“ There’s a veritable delicatessen of things for deer to choose from in town,” says Gayle Joslin, FWP wildlife biologist in Helena. “And some people are purposely feeding them, even though there’s a law against it. We’ve now got generations of deer that have never lived outside a city.”
The hungry animals destroy flowers, shrubs, and gardens, like those of Helena resident Darlene Arnold. “I live right in the middle of town, and I’ve had up to 15 deer in my little condo court eating up everything and leaving my yard full of their manure,” she says.
Does raise fawns in people’s backyards. Bucks roam the streets and alleys like juvenile gangs. Deer are injured and killed in traffic accidents that damage vehicles and endanger human life. In 2003, roughly 300 deer were picked up as road kill in Missoula County alone. “Over the past decade or so, it’s been increasing every year,” says Max Bauer, general manager of BFI, Inc., a waste disposal company that picks up dead deer. Frightened deer have even been known to crash through windows into people’s homes.
Deer can also become aggressive. Joslin says a few years ago a mule deer attacked an elderly Helena woman walking from her car to her front door. “The deer came up and tried to beat the daylights out of her with its front hooves,” says the biologist.
Yet many Montanans like to see deer in their yards and put out cracked corn and other food to attract the graceful animals. Kate Pope, who works in the Missoula mayor’s office, says even people who know deer cause problems still don’t want to see the animals harmed or removed. “ That definitely puts us in a tough position,” she says.
Options for controlling urban deer are limited. Contraceptives aren’t practical. “It’s difficult to get a contraceptive into a doe without injuring or killing her,” says Joslin.
“ And once you do, if that animal is shot by a hunter and the meat is consumed, you’ve got a food health issue.”
And relocating deer is neither humane nor fair. “Aside from being hugely expensive,” explains Joslin, “trap-and-transfer is just a way of sweeping the problem under the rug. Those transplanted deer, dumped out there in competition with other deer, are not going to survive, or they will just end up causing problems for someone else.”
The most efficient way for FWP to curb wildlife population growth is with regulated hunting. But that usually won’t work in urban areas due to legal prohibitions and safety concerns. At the request of the Fort Benton City Council, FWP has in recent years used controlled, supervised public hunts on the outskirts of town, and selective shooting by department and city personnel within city limits, to remove mule deer from the growing urban population. But Fort Benton is a small town surrounded by open space. The state’s larger towns and cities are more densely populated and surrounded by suburbs, making controlled hunts difficult.
Ultimately, it may be Montana residents, not Montana wildlife, who need better management. “Reducing conflicts between people and wild animals will require controls on human actions,” writes David Baron in The Beast in the Garden, a new book on the often violent merger of wildlife and humankind. “People, especially those who live along the new frontier between civilization and wildland, must accept that they are participants in the natural world, not mere observers.”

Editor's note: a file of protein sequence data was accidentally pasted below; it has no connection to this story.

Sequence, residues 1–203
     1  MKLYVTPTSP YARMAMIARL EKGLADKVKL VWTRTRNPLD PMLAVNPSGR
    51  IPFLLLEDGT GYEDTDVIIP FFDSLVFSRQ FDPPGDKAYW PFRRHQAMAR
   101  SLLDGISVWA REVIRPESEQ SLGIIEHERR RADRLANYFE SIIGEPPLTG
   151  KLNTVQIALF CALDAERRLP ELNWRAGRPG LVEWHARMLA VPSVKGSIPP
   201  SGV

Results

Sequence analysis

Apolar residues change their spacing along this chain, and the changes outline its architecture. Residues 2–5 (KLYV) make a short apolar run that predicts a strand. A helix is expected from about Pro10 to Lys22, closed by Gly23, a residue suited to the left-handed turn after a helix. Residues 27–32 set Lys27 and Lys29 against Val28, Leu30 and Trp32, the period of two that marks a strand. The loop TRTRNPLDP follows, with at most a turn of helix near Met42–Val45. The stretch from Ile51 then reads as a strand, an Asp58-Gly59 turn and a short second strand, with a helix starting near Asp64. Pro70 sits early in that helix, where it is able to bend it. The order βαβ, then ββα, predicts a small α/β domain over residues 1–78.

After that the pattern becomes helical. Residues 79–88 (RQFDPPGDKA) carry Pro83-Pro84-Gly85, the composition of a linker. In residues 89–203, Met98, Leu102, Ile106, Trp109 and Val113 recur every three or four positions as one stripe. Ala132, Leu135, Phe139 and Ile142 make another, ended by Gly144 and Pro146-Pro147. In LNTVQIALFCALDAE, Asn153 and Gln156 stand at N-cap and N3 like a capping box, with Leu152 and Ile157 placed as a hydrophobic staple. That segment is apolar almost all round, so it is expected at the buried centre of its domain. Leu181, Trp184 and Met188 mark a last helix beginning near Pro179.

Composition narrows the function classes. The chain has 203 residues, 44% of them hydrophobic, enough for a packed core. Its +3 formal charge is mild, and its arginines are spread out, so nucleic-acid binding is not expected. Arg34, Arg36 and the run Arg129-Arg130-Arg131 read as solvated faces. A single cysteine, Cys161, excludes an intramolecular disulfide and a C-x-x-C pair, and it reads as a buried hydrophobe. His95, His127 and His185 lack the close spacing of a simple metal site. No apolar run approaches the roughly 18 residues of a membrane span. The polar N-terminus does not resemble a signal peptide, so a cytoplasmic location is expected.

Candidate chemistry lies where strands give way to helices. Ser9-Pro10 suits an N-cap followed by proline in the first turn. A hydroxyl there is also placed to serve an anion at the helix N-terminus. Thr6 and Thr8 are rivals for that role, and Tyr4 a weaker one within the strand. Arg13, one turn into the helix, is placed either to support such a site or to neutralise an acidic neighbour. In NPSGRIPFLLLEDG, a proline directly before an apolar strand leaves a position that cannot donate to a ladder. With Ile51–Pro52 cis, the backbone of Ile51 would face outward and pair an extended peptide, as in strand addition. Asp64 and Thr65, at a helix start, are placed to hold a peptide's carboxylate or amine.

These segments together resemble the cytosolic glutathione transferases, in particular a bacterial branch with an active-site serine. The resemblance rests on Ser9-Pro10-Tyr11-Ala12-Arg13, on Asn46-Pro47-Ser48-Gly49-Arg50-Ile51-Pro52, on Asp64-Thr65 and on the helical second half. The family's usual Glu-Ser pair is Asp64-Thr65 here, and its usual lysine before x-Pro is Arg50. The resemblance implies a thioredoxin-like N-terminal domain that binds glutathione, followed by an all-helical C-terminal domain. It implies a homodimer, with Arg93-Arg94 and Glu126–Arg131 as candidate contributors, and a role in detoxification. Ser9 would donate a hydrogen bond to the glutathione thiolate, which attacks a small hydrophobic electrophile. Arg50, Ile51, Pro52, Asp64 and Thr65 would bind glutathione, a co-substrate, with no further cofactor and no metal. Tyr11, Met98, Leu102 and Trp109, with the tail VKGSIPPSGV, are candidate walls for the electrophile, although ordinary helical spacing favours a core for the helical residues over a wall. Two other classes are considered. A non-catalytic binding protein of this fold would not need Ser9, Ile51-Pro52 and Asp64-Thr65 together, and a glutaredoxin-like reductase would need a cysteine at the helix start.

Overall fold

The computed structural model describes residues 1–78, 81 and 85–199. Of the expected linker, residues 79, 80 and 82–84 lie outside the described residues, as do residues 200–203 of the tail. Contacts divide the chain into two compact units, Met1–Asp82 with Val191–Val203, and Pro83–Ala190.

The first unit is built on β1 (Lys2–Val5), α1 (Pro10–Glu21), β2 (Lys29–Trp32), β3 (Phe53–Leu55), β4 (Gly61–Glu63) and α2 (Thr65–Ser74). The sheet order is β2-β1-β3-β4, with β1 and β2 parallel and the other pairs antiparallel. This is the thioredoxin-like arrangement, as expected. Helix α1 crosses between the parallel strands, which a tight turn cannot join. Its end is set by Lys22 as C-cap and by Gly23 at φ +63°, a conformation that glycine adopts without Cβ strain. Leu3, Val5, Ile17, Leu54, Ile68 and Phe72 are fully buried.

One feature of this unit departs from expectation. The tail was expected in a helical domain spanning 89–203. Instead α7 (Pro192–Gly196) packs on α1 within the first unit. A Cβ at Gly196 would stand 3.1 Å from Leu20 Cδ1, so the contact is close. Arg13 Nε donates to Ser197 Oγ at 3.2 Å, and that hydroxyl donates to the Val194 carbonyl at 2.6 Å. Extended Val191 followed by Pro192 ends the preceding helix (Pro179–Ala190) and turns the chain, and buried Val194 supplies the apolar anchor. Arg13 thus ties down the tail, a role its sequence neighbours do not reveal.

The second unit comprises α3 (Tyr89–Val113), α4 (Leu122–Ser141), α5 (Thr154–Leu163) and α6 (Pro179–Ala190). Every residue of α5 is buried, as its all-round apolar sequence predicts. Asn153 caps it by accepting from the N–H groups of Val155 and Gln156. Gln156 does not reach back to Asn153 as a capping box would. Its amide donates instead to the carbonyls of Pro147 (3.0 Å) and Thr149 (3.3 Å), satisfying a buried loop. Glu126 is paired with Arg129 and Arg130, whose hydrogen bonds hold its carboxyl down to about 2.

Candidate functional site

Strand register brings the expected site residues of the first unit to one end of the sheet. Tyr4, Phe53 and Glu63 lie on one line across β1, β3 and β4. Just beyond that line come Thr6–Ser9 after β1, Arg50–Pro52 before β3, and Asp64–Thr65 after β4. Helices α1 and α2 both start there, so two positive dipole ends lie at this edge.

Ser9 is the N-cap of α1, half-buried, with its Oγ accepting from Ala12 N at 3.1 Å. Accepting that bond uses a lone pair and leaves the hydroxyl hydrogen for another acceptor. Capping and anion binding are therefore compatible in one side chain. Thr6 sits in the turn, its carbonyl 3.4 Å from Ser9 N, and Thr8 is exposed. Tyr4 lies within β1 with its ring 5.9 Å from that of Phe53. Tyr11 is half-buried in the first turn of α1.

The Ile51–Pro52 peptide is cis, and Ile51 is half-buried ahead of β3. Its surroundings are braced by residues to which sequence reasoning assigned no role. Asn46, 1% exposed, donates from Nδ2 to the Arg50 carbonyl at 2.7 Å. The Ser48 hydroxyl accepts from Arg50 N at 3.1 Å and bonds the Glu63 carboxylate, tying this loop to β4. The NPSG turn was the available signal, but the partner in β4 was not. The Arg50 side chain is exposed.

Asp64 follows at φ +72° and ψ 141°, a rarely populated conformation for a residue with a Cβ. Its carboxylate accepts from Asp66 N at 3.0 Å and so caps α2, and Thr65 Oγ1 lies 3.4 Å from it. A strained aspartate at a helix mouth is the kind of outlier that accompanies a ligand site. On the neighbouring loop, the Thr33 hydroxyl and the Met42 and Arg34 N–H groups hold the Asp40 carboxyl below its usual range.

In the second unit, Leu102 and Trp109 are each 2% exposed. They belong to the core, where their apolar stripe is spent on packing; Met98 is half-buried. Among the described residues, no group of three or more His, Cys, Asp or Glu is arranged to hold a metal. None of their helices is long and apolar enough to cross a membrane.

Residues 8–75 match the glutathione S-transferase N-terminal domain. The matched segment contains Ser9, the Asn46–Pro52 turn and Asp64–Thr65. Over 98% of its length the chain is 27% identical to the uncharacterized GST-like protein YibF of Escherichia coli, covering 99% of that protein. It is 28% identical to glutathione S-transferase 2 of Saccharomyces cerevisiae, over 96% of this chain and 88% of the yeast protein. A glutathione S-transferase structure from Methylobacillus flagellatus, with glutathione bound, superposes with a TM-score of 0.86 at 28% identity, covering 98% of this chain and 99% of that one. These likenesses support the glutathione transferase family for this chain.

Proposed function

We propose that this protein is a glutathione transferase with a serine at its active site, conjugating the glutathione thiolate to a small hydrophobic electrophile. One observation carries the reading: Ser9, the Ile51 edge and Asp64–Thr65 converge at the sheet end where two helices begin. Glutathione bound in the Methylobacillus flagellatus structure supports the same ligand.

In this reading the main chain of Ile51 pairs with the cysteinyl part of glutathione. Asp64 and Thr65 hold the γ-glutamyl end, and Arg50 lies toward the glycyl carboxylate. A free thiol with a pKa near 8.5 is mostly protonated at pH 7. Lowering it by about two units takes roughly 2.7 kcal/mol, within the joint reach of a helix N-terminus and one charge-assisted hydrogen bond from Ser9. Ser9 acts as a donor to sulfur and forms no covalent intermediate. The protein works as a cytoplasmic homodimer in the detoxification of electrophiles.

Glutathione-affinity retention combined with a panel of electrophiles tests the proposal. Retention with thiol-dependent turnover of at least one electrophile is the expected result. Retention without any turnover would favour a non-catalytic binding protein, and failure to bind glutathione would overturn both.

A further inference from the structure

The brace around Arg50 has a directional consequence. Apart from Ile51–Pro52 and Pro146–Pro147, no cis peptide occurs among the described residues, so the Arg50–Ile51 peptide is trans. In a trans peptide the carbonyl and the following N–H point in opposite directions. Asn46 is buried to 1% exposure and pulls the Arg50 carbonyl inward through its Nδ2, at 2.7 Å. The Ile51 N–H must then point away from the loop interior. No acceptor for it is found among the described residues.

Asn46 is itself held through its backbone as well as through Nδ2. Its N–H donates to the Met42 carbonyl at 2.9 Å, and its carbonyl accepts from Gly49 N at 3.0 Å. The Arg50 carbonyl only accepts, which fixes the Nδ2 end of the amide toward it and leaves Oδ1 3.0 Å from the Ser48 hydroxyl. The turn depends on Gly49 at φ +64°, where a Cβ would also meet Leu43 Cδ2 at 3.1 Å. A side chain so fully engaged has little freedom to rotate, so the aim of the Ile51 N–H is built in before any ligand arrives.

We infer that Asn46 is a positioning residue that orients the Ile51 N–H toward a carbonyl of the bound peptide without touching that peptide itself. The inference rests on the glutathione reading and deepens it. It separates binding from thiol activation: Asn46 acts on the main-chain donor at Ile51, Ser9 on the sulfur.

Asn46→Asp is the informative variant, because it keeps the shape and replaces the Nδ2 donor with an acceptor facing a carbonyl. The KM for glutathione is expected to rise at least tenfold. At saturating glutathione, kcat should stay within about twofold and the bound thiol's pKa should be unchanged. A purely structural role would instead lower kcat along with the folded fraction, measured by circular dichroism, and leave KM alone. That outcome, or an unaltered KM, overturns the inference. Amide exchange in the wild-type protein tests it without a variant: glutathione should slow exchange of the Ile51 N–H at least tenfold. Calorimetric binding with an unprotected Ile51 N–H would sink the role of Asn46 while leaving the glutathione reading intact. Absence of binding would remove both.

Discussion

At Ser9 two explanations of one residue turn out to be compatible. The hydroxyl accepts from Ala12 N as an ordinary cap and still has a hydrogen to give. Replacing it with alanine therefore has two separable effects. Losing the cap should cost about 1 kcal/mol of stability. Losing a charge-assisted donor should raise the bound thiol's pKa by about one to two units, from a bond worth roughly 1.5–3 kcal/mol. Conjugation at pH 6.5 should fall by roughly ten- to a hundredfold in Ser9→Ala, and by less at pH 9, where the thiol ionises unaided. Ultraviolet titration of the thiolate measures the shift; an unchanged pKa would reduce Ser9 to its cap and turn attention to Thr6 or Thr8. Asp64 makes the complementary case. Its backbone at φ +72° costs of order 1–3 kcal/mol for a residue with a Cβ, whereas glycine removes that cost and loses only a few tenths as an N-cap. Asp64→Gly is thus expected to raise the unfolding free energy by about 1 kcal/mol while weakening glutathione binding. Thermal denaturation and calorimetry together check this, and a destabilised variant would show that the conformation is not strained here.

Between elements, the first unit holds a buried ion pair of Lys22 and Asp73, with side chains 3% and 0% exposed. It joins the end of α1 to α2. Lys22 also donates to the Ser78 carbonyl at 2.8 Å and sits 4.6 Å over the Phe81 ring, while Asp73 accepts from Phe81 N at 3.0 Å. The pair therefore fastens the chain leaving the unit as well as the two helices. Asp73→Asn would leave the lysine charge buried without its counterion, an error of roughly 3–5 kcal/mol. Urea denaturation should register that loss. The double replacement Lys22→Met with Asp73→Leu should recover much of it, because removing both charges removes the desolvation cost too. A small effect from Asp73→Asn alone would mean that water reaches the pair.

Korn points out that homeowner associations could enact and enforce covenants on fencing, landscaping, garbage storage, and wildlife feeding so that wild animals would pass through residential areas without being enticed to stay.
More education, says Wenum, may be the best way for rural residents to understand their new relationship with wildlife. “We’ve got to instill in people a better sense of ownership and responsibility,” he says. “I get a lot of calls from people saying, ‘We’ve got a bear problem. Come get your bear.’ They have to understand it’s not my bear, and it’s not FWP’s deer. The bear and deer are just as much theirs as anyone’s. And they should take some responsibility for those animals.”
Existing and future legislation may also aid in solving urban wildlife issues. Wenum believes long-standing laws against feeding wildlife need to be enforced more strictly. And House Bill 249, passed by the 2003 Montana legislature, will now allow towns and cities to adopt plans and use their resources “to control, remove, and restrict game animals” within city limits, with the approval of FWP.
This year, a working group of wildlife experts and city officials from around the state is meeting in Billings, Helena, and other cities to discuss ways to solve urban wildlife issues. Options include special archery hunts to cull urban deer and finding new ways to convince citizens to lessen the attractiveness of their homes to potentially troublesome wildlife.
Who will pay for increased urban wild-life management in Montana? That’s another unresolved issue. Local governments have no authority to manage game animals, and they typically lack funds to reduce wildlife problems. Yet hunters don’t want FWP to use their license dollars to control wildlife within city limits. That’s especially true where subdivision expansion not only adds to the problem but also results in fewer hunting opportunities on what were once rural lands.
Regardless of how urban wildlife is managed, some FWP officials worry that the growing number of nuisance wildlife incidents threatens the very idea and value of wild animals and wildness.“As a wildlife biologist,” says Joslin,“ I don’t want to see deer in town. I don’t want to see them lose their fear of people, become unwild, and then have people develop the attitude that they’re some type of vermin. That demeans wildlife and lessens the importance of these species and the wild places where they live.”
Montana FWP has produced a “Living with Wildlife” brochure series with tips on reducing problems caused by bears, deer, raccoons, beavers, porcupines, skunks, bats, ground squirrels, magpies, pigeons, starlings, and woodpeckers. For copies, call your nearest FWP regional office, or go to the FWP website, fwp.state.mt.us, and click the“ Wild Things” icon.
Sam Curtis is a freelance writer in Bozeman.